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Review of The Closing of the American Mind

Allan Bloom’s The Closing of the American Mind was published 30 years ago. Bloom, a little-known University of Chicago professor of political theory, found fame as the author of an immediate hit, present on the minds and mouths of students, intellectuals, and the common citizen alike. The Closing of the American Mind begins with a critical analysis of university students and then, by tracing its intellectual roots, finishes with a critical analysis of the modern university itself.

In Bloom’s judgement, the central problem afflicting students, the university, its professors, its administrators, and its curriculum, is its adherence to relativism and its lack of certainty in truth, and hence in good and evil. This denial of certainty, or perhaps this ironic certainty in the impossibility of certainty, is ultimately self-destructive and fails to produce responsible stewards of our democracy.

Bloom’s devastating critique of higher education ends with a challenge: to reconstitute the liberally educated human being for his own sake, and thus for the sake of our democracy. Bloom doubted that we were up to it, and, in reflecting 30 years on, we find that his doubt was well placed.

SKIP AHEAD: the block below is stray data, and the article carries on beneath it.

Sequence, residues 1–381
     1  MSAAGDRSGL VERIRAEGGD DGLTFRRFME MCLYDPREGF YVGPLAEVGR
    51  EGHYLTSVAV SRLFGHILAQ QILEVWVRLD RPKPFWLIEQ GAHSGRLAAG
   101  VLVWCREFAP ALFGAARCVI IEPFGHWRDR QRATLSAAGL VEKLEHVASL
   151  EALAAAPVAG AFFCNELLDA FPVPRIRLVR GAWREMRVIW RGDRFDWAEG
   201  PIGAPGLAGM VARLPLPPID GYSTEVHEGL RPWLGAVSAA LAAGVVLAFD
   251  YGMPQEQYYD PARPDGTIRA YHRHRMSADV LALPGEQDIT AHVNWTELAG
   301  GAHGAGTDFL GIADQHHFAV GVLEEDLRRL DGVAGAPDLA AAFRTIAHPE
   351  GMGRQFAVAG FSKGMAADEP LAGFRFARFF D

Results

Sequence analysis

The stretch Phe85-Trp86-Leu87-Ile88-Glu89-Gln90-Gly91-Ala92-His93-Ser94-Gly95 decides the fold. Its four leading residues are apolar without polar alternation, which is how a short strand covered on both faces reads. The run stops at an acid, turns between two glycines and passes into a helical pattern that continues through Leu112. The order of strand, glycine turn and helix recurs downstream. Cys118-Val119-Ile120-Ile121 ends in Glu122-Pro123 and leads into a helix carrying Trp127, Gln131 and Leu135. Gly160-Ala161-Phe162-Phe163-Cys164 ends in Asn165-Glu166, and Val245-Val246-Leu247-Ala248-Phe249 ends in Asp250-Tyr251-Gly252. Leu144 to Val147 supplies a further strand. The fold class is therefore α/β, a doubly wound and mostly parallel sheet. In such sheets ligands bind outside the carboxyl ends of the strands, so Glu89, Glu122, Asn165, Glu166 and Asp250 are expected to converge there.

The meatiest portion of the book is the tracing of the intellectual history of the modern university. Bloom hastily and thoroughly distills the current predicament to the thought of Nietzsche, Heidegger, Weber, and Freud (with the former two making up the hardened core). The influence these men would have on American society came as a surprise. Indeed, Nietzsche would be appalled to find himself so embraced by Americans–particularly left-wing Americans– and yet his thought has pervaded American society and made its way into our vernacular.

According to Bloom, this American-style nihilism inspired by Nietzsche was “nihilism without the abyss” and “nihilism with a happy ending.” It’s in pursuit of knowledge of the self as unlocked through psychology and seen as “the mysterious, free, unlimited center of our being.” It turns out, however, that this concept of self as being exclusively inward, with no relation to the outer, is “pure emptiness.” This is so because it denies nature. Nihilism advances nothingness. Professors advance nothingness on their students when they teach that it means nothing to be a man, to be a woman, to be an American, etc. This nihilistic cause allows us to invent new natures (now called “identities”) and to abandon old ones in a vain attempt to satisfy that inner self that doesn’t exist.

In drawing attention to the “German Connection,” Bloom points out that we are unaware of these roots, putting us “in danger of forgetting” them.

The danger of forgetting our roots is another overarching theme of The Closing of the American Mind.